Hello!!! I am an Accounting student that love to do handcrafts and knitting. I will love to be able to have a simple app that helps me expand my knowledge into that subject. I love the idea of making robotics more accesible to the public suggested before. But you also need to watch out. Robotic geeks are required in the world of robotics and you cannot be replaced by programing but it is a great idea. Please say if you get to plan it. It could be use all around the world… this is super interesting.
First, I’d like to say that I love any and all ideas that make technology more available and approachable to non-experts. So, my direct answer to your question of “will this be interesting to designers?” is an emphatic, “YES!”
However, this is not a new idea. There are tons of systems/products on the market that provide a way for non-experts to add computer controlled devices to their projects. There are even levels of difficulty within this type of products, from toys aimed at children (Little Bits and Lego Mindstorms) to more complex systems aimed at amateurs (Arduino & Raspberry Pi) to higher complexity systems/software aimed at professionals (LabVIEW). If a designer dreams up some kind of product or interface that would require robotics to execute, they can turn to one of these systems to try to make their design come to life.
The key to designing something like a “very easy interface for developing robotic applications” is finding the balance between simplicity and functionality. In order to simplify the system, you are going to have to take out (or hide) some of the functionality. But by limiting the functionality, you are limiting the types of projects that it can be used for. As soon as the designer dreams up something that has more rigorous requirements, they can no longer use the simple system and have to either become the “robotics geek” by learning about the more complex hardware/software or hire one to do it for them.
For example, I am a designer & mechanical engineer, and I have done a few projects using Arduino boards to create custom interfaces. The Arduino platform is great, because as a beginner, it is very easy to go and buy a servo motor and download a sketch that controls it. Then you can go buy a rangefinding sensor and copy and paste the sketch that allows you to read in sensor data. However, now you need your servo motor to perform specific actions in reaction to the data that your rangefinder is providing, but you can’t find a sketch that does exactly what you’re looking for. Now you have to dig a bit deeper and learn more about the hardware/software to achieve your desired result. You can quickly get sucked into a black hole of internet research to try and learn enough to accomplish your goal. By the time you’re done, however, you are now effectively a robotics geek compared to your former self. I think few designers would tell you that they’re simply not interested in learning about the technology. They probably just don’t have enough time to devote to learning about the technology, so it is much easier to work with someone else who already has the knowledge.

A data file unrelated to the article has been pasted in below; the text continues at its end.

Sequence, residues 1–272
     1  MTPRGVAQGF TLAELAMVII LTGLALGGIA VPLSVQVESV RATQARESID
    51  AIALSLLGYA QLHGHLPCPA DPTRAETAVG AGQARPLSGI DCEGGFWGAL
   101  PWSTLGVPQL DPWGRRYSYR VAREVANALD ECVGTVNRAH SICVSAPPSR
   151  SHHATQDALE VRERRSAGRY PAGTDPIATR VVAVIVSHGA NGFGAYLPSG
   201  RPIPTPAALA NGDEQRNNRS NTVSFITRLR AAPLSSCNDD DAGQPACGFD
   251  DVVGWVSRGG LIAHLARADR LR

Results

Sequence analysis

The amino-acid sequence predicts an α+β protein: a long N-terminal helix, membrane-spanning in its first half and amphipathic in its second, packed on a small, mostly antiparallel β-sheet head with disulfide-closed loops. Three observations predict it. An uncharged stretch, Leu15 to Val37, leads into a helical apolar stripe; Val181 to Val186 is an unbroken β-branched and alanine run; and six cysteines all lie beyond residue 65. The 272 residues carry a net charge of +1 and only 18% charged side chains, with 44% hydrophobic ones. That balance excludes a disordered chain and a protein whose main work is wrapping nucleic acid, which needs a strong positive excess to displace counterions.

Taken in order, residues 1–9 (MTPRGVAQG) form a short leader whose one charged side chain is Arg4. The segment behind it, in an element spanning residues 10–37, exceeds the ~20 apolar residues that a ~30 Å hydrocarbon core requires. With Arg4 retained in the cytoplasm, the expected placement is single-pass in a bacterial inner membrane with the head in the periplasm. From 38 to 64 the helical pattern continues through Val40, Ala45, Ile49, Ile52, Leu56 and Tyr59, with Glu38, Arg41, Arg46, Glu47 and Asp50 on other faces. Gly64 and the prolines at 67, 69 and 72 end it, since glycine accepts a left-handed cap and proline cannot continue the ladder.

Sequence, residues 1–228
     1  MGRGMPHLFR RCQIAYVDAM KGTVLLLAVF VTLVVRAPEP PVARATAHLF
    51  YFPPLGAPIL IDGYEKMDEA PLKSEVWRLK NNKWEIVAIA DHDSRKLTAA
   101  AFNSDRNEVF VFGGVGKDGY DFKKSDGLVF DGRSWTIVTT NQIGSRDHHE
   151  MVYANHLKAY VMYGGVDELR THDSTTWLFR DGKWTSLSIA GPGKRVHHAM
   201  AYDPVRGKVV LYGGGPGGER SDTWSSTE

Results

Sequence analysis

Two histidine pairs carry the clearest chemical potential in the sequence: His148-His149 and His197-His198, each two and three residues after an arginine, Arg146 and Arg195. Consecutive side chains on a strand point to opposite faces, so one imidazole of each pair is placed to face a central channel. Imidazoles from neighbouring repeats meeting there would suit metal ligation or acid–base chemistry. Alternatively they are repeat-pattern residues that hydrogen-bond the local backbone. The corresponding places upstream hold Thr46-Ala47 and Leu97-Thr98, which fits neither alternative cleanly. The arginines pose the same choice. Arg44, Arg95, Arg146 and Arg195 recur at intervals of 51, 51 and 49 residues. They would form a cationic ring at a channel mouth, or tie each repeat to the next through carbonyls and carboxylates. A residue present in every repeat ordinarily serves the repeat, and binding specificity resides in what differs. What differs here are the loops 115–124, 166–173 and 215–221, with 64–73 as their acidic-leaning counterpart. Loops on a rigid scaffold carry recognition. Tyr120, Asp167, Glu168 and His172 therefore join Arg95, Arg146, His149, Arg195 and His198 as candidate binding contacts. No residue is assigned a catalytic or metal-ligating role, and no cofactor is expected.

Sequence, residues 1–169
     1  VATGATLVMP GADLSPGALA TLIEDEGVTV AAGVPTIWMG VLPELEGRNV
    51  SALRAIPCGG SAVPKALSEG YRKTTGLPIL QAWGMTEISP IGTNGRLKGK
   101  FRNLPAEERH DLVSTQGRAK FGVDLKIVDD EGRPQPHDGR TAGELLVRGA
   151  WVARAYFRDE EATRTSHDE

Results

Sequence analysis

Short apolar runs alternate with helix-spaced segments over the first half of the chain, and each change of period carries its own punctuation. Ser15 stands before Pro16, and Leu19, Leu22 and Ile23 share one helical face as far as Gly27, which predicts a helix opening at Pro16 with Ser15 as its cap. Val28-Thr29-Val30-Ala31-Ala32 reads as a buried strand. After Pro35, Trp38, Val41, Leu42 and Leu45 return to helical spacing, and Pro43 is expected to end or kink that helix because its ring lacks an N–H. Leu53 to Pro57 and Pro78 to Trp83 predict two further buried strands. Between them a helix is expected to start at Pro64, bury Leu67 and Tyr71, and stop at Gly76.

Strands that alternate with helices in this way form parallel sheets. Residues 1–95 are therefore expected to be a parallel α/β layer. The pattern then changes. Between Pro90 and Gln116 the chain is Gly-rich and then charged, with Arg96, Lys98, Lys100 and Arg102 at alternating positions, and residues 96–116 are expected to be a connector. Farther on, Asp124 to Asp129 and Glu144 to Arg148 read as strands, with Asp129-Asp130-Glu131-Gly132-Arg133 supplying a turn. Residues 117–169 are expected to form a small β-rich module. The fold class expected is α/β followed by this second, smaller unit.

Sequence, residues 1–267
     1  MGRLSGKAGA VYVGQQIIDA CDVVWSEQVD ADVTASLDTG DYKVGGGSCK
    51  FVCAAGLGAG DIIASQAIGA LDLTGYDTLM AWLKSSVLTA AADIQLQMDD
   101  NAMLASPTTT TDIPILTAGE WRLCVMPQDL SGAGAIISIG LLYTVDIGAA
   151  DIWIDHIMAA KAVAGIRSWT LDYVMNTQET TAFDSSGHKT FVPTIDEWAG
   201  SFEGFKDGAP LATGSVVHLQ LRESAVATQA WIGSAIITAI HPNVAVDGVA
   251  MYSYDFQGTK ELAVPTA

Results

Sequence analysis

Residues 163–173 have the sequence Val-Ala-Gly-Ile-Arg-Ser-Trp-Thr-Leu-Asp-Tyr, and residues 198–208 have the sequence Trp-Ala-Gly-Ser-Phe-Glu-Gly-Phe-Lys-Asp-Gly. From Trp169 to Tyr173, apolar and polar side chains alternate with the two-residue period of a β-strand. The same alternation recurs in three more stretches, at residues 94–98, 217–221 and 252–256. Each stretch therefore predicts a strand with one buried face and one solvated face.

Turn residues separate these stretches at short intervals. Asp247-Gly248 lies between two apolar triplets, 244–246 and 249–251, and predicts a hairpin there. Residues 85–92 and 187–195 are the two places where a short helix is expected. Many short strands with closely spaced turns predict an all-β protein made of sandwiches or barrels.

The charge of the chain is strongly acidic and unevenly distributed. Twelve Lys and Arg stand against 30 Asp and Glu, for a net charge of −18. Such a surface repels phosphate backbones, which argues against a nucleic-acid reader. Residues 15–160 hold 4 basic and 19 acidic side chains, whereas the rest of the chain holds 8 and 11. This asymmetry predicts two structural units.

My advice would be to think very carefully about who will be using this interface and how they might want to use it. Then think about how a beginner might use the system, and how they might want to push the boundaries of the system once they have mastered the simple functionality. Creating a system that the user can grow and learn with will be the key to whether your interface is successful or not. Good luck!